You're breaking up
On a bus ride to Koforidua, Francis Kokutse’s ears burn as his fellow passengers lie into their cellphones
It was a journey of less than two hours. But on that bus ride from Accra, Ghana’s capital, to Koforidua, several people in my earshot used their mobile phones to tell blatant lies to whoever they were talking to.
Soon after the bus left the terminal, a woman passenger loudly got the ball rolling.
She told her boyfriend or husband: “I am just going to see my friend, Edith, at Osu. I expect to be back home in an hour — but let me tell you that I do not want to see you because you showed me disrespect last night.”
The side of the exchange the whole bus could hear caused much laughter because Osu is in Accra and this lady, like the rest of us, was well on her way to Koforidua, 85km away.
The laughter didn’t bother her. Soon her phone rang again. This time it was her mother and she shouted: “Ei mummy! I am still at Mr Wiafe’s office and the secretary says he is at a meeting. I will call you immediately the meeting ends, but if it goes beyond 7pm, I will have to wait till tomorrow.”
I looked at my watch. It was already 6.30pm and whatever or whoever was taking her to Koforidua, she clearly didn’t want to be bothered when she got there.
About 30 minutes into the journey it was the driver’s turn. “Oh, the police have just stopped us and they took money from me, so I couldn’t get the bread.” He burst out laughing at his own comedy as soon as he ended the call—presumably to his wife.
At this point general conversation on the bus turned to the use that mobile phones were being put to. One lady piped up and told us that, once, she was spending the weekend with a prominent politician when the man’s wife called. The PP quickly shut the wife down with an indignant speech: “I told you I was away at this central committee meeting of the party and you call me now as if I am the only man who has left his wife!” Since then, the lady regaled the bus, whenever she calls the PP’s office and the secretary says he’s at a meeting, she leaves a message saying: “I hope it is not a central committee meeting of the party.”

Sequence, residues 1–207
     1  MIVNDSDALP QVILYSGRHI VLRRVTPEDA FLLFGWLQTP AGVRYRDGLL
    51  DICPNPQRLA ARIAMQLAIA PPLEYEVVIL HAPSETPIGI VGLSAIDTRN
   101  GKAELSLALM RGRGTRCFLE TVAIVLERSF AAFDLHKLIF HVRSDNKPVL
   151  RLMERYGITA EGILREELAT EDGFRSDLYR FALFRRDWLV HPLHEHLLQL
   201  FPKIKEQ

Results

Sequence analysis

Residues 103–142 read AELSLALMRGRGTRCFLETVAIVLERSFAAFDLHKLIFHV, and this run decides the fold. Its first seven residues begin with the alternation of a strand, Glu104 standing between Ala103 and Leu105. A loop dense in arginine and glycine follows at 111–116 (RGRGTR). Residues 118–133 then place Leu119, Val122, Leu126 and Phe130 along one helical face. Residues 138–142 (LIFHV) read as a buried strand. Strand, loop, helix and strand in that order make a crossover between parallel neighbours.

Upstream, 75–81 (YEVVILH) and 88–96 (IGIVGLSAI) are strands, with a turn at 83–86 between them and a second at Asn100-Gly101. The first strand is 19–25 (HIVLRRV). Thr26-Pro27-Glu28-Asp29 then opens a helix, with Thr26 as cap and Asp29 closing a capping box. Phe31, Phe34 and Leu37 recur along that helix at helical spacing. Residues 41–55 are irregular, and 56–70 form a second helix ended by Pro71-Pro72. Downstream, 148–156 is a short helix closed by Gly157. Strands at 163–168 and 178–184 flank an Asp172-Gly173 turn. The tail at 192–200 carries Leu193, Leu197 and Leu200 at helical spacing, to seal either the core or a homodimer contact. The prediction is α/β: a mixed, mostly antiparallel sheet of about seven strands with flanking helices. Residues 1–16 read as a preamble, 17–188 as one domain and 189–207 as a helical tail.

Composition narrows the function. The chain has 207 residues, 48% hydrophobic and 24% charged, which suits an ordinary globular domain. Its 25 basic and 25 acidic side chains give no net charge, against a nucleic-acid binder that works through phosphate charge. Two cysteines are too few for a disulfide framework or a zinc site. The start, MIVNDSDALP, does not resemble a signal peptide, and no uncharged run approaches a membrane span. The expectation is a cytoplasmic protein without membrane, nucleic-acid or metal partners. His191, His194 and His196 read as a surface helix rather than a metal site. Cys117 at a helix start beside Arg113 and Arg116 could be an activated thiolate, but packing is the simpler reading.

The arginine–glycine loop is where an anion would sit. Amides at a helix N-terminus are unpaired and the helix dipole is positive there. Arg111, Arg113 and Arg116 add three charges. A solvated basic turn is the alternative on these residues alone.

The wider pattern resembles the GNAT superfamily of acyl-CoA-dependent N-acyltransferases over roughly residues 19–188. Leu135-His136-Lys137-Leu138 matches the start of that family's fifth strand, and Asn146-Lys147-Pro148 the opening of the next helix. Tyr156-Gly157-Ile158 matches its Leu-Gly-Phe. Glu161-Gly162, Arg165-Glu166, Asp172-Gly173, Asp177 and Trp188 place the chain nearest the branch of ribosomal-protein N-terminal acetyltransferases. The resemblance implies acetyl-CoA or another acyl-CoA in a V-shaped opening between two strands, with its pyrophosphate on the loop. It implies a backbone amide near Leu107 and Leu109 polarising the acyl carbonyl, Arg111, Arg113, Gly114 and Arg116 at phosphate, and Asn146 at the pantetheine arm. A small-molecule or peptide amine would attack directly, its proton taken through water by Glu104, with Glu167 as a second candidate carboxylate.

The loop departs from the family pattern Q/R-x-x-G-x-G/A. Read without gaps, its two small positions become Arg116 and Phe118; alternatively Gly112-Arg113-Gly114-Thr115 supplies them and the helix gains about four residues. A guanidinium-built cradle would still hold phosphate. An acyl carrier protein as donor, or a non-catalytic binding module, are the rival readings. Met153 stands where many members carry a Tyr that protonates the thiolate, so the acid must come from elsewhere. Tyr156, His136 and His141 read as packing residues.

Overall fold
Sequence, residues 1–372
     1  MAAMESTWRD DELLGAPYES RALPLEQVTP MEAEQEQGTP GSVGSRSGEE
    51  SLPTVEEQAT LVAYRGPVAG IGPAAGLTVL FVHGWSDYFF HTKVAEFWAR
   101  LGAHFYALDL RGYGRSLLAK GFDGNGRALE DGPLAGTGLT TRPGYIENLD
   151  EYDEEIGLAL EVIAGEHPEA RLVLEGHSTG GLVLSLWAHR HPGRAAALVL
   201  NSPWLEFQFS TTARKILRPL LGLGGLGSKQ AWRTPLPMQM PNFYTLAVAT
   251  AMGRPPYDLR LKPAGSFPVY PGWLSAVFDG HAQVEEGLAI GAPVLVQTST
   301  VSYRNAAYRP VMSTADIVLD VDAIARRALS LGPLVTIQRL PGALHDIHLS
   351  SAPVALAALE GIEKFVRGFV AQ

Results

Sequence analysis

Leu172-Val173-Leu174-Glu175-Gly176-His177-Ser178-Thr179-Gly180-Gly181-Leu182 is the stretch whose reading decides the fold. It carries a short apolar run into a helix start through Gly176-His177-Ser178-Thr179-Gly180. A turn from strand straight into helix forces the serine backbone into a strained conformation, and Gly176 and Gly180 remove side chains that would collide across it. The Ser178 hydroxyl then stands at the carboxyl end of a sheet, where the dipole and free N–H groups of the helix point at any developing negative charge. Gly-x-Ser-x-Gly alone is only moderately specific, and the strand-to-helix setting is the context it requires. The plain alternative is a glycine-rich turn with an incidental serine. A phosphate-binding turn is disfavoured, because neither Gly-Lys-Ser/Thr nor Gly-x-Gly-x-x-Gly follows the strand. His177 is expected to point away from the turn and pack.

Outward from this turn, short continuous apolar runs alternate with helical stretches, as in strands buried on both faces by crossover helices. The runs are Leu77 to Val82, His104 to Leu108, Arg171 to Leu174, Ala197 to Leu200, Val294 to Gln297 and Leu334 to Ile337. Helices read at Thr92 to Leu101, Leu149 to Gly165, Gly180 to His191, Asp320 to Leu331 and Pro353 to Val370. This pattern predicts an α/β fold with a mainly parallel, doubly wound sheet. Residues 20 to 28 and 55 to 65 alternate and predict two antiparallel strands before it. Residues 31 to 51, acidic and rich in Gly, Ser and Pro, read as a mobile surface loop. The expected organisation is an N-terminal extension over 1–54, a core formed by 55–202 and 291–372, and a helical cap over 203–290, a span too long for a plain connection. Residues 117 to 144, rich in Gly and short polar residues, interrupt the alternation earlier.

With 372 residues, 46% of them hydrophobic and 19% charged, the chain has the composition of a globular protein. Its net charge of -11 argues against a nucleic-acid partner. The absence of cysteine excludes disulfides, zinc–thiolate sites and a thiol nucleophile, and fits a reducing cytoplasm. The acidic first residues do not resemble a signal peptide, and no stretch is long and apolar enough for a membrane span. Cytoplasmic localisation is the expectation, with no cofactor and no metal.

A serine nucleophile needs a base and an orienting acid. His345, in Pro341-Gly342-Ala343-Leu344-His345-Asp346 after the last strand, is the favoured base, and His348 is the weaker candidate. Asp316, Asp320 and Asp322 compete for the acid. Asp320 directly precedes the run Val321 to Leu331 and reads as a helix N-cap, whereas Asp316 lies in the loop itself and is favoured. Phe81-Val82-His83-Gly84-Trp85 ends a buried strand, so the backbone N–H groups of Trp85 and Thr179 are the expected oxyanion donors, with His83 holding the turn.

My personal experience was with a police officer. Late last year I was investigating the kidnapping of an Israeli businessman from Accra. I called my contact at police headquarters to find out more. No response to my call, so I sent him a text message and quickly got a reply. ” I am in Abuja, Nigeria, for a meeting.”
To get my story, I decided to visit the head of the criminal investigations department—only to find he was also out of the country. Not knowing what to do, I decided to go to my contact’s office because his second in command knew me well and I thought he might be able to help. To my shock when I got to my contact’s office, I heard one junior officer say to another, “DSP has just left the office.” I walked straight up to the officer who had spoken and spluttered, “Hasn’t DSP travelled out of the country?” To my surprise, the lady replied, “You just missed him. He’s gone for lunch.”
All pretty amusing until the day my 15-year-old neice Abigail arrived at my office during school hours to ask me for money for a school trip that her father, my cousin, apparently didn’t want her to go on.
Her phone rang as she walked into my office. She ignored it. It rang again. The caller turned out to be her father. But Abigail was prepared. “Hello? Hello? I can’t hear you!” she shouted. Then she switched off her phone.
Francis Kokutse is the Accra correspondent for the Nation Media Group of Kenya